Athletes get life lesson |

Athletes get life lesson

Gary Kank

South Shore female athletes were treated to a meal and a valuable life lesson Wednesday.

Soroptimist International of South Lake Tahoe hosted a luncheon to honor the efforts of Whittell and South Tahoe high school student athletes on and off the field.

Guest speaker Angela Taylor, assistant vice president for Advancement and Alumni Relations at the University of Nevada Reno, brought one simple message: Everything you learn from sports can be applied to everyday life.

Speaking from her personal experiences as a student athlete at UNR, Taylor revealed the five most important things she’s taken from playing sports and incorporated into her life: teamwork, goal setting, tenacity, discipline and competition.

“The only way you can go all the way in life is by being a team player,” Taylor said. “Whether it’s on the playing field or with your family at home, everybody has to do their part to be successful.”

Taylor also divulged how sports taught her how to develop goals in life just as she had formulated goals and game plans on the court.

She spoke of tenacity, revealing a humorous story about being down 17 to 3 in the early innings of a softball game.

“We were being embarrassed, but we started chipping away little by little, and while we ended up losing the game 21 to 20, we never gave up,” she said. “It is that type of attitude that one must take into life.”

Taylor also touched on the benefits of discipline and the art of competition, revealing how those two concepts have helped her stay focused in her career.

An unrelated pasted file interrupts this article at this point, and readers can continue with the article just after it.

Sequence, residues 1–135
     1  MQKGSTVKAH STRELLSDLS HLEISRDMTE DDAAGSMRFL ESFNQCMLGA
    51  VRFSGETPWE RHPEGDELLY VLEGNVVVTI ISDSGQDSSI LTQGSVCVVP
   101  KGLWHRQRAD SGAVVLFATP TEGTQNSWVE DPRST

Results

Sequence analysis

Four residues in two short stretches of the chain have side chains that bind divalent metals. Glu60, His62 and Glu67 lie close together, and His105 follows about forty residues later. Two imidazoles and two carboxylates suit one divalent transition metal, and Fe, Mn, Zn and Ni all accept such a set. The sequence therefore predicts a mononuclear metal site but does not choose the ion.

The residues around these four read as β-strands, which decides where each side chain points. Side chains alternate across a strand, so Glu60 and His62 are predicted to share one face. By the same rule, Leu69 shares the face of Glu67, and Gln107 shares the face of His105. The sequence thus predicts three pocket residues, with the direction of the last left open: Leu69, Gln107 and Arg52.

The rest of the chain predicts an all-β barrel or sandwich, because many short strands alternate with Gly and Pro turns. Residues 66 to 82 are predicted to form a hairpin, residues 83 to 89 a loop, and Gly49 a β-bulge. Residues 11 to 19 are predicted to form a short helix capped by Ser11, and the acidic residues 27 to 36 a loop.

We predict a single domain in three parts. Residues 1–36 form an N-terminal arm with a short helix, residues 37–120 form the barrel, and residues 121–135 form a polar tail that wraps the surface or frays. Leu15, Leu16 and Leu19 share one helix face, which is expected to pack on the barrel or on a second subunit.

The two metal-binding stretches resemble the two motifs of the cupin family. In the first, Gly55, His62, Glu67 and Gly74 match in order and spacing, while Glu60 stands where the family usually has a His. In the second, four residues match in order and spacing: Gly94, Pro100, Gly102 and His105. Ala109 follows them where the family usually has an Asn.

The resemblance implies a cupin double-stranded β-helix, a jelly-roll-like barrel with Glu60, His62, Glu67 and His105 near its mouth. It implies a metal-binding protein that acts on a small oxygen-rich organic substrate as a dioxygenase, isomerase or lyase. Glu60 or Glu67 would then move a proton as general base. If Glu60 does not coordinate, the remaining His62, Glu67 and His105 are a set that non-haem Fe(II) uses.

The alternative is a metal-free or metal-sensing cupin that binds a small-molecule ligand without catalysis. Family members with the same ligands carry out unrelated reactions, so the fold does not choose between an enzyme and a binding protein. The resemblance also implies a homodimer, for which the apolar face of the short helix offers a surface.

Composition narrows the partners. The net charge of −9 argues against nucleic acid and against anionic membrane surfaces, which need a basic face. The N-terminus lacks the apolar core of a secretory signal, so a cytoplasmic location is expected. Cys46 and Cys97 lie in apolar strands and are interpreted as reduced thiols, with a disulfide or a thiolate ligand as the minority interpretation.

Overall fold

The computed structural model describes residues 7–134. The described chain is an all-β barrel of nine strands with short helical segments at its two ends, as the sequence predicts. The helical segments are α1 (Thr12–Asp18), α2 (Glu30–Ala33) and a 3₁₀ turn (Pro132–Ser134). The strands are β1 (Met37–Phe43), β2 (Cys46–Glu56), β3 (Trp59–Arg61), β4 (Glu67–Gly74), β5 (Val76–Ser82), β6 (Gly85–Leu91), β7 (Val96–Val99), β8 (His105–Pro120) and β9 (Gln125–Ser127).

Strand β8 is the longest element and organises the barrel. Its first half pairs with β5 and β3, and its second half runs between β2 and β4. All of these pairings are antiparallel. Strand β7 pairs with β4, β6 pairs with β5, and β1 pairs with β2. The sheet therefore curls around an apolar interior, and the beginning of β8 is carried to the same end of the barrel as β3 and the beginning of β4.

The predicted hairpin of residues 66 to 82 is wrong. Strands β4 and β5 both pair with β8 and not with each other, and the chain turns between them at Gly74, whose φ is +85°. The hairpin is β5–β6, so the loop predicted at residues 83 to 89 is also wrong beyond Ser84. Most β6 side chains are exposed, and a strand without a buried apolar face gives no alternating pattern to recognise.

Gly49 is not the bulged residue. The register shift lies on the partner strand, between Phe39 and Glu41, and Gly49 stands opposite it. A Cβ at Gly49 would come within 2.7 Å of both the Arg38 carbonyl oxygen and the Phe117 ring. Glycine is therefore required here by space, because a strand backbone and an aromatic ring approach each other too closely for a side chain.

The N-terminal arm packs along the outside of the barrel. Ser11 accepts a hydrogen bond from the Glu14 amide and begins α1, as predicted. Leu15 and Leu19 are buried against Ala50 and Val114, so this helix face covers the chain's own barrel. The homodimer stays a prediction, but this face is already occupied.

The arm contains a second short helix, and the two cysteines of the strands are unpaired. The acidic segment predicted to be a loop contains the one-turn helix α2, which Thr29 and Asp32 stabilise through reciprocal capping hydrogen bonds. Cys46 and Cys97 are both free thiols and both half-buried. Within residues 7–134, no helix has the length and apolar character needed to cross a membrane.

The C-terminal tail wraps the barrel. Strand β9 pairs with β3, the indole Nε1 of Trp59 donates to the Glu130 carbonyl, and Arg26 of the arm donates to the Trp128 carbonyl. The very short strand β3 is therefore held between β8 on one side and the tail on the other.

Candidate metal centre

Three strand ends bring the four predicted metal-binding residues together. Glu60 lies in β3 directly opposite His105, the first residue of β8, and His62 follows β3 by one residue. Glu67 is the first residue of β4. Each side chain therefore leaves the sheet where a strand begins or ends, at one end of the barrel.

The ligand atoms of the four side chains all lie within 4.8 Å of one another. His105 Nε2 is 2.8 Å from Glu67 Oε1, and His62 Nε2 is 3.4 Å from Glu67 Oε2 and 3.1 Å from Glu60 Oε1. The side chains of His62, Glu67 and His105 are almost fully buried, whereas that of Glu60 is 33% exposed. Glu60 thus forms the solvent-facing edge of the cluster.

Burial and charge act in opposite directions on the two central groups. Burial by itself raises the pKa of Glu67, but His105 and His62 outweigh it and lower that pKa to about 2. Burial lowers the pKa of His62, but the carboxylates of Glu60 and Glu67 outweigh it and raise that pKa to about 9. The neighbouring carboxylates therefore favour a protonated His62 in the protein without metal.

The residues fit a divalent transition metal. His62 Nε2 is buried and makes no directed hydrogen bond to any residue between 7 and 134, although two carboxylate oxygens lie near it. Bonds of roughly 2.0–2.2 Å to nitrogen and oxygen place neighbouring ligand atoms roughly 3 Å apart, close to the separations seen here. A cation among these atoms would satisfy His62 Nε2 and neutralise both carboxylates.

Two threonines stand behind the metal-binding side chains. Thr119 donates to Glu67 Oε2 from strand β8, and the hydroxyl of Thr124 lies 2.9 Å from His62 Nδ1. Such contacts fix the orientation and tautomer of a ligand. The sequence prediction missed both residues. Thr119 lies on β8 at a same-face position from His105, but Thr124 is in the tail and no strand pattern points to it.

“Basically, life is a competition, whether your trying to beat yourself or someone else,” she said. “Are you going to take your ball and go home or are you going to compete?”

As students finished up their meal, many commented on Taylor’s speech.

“I thought it was really inspirational,” said South Tahoe swimmer Christy Belair. “I like how she compared life to sports. I think it’s totally true what she said. I learned a lot.”

Whittell volleyball player Liz Rico was also impressed.

“It was neat to have someone talk to us that has gone through what we’re going through right now,” she said. “It gave me a lot of motivation.”

Some students even took the time to thank Taylor for her encouraging words.

“I thought her speech was really interesting and I was glad to see she was on the level with us,” said Tiffany Pinson, who plays basketball at South Tahoe. “She made a big impression and I wanted to make a point to go thank to her afterwards.”

Parents and coaches in attendance were also quick to commend Taylor’s speech.

“Having someone who has experienced these things come and talk to the girls is great,” said Whittell volleyball coach Dan McLaughlin. “We as coaches stress winning on the field and the school itself stresses academics. I’m sure (the students) get tired of hearing it from us, but for them to see someone who has come from their situation and become so successful, I’m sure they appreciate that.”

As the last of the students were filing out, on their way back to school, Taylor gave her thoughts on the importance of this event.

“I think it’s really important to encourage people of all ages to do the very best they can do,” she said. “Sports opens doors for these girls and it keeps them going on the right path.”

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